Lessons from the Bin Laden Raid and Cyberwar: Immunizations and Security Updates
NYC: June 13, 2012
Christopher Soghoian is a Washington, DC based Open Society Fellow, supported by the Open Society Foundations. He is also a Graduate Fellow at the Center for Applied Cybersecurity Research, and a Ph.D. Candidate in the School of Informatics and Computing at Indiana University.
A "Ralph Nader for the internet age," Christopher's activism led to SSL becoming the default on Gmail, exposed TSA security gaps around easily forged boarding passes, and persuaded AT&T to strengthen voicemail security. He's also impacted Firefox, Sprint Nextel, Facebook, and Dropbox. His Ph.D dissertation is focused on the role that companies play in either resisting or facilitating surveillance of their customers.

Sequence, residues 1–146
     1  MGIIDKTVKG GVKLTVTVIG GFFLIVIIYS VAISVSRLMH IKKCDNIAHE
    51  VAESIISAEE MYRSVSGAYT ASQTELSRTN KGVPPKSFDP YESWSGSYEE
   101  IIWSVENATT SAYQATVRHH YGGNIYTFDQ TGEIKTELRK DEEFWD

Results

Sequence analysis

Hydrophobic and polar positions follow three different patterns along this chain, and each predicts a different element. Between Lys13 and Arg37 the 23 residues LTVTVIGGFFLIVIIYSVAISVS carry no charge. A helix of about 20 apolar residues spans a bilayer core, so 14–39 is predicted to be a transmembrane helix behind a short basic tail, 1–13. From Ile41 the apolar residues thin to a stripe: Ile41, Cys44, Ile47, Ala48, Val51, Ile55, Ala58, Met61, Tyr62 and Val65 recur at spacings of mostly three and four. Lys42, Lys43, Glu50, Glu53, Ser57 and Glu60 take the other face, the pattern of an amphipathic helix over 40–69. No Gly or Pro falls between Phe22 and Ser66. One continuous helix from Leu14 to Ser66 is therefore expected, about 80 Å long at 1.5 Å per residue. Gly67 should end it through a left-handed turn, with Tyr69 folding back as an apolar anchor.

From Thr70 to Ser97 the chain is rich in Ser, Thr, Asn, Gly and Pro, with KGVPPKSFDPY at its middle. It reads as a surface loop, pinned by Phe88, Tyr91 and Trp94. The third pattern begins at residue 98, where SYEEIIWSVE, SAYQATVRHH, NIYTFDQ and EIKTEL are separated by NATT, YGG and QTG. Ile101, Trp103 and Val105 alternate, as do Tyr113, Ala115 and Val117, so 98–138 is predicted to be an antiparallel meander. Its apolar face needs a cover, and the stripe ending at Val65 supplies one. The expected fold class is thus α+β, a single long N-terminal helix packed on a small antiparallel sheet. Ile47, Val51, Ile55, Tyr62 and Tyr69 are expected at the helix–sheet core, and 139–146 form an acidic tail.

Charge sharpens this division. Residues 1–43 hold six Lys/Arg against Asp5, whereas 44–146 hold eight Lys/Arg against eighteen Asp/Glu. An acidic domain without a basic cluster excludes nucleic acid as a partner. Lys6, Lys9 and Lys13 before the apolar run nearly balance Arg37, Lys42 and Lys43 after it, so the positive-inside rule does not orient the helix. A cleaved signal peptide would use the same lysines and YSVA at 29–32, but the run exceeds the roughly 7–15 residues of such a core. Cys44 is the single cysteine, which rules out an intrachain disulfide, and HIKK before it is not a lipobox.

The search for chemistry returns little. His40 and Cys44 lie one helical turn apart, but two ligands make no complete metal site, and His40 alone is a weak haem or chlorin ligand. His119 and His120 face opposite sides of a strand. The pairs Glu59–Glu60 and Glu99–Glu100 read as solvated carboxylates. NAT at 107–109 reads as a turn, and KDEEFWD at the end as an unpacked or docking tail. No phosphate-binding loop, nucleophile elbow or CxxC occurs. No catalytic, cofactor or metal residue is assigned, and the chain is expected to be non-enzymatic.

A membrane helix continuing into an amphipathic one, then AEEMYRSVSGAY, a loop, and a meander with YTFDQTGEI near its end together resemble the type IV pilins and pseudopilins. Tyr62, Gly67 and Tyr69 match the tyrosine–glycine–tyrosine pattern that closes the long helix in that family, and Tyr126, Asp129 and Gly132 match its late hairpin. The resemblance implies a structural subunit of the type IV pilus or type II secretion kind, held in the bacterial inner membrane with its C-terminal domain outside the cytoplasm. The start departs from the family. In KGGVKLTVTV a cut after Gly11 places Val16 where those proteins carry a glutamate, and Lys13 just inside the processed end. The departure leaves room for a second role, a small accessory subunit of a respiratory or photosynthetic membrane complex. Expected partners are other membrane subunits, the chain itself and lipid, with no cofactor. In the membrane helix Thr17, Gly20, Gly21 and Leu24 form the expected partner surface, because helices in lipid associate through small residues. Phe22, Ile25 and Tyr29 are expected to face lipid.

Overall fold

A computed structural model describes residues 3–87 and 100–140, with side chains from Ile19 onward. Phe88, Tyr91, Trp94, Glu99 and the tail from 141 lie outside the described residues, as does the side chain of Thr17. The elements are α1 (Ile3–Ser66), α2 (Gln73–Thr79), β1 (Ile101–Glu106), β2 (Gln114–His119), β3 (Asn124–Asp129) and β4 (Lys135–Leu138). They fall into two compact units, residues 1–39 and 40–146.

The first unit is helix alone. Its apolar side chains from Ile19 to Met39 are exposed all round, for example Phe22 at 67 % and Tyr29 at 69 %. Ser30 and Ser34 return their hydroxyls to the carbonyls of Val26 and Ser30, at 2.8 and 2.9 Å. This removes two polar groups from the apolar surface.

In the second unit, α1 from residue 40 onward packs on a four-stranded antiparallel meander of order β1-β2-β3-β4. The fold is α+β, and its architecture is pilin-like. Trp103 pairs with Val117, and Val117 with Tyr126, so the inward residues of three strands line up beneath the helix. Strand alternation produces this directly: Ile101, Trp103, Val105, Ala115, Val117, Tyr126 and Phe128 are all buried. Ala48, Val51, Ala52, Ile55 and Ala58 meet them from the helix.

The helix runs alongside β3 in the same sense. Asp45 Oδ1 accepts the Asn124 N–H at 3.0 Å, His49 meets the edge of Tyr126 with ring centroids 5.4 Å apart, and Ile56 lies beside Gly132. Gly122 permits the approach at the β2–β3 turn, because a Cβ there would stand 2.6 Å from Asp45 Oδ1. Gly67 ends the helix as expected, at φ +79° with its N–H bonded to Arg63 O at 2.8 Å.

He has used the Freedom of Information Act and several other investigative techniques to shed light on the scale of and the methods by which the US government spies on Internet communications and mobile telephones. This work has been cited by the 9th Circuit Court of Appeals, and featured on the Colbert Report.
He was the first ever in-house technologist at the Federal Trade Commission (FTC)'s Division of Privacy and Identity Protection. Prior to his year in government, he created a privacy enhancing browser add-on that was downloaded more than 700,000 times in its first year before he sold it to Abine, Inc.
He has worked at or interned with the Berkman Center for Internet & Society at Harvard University, the American Civil Liberties Union (ACLU) of Northern California, NTT DoCoMo Euro Labs, Google, Apple and IBM Research Zurich.
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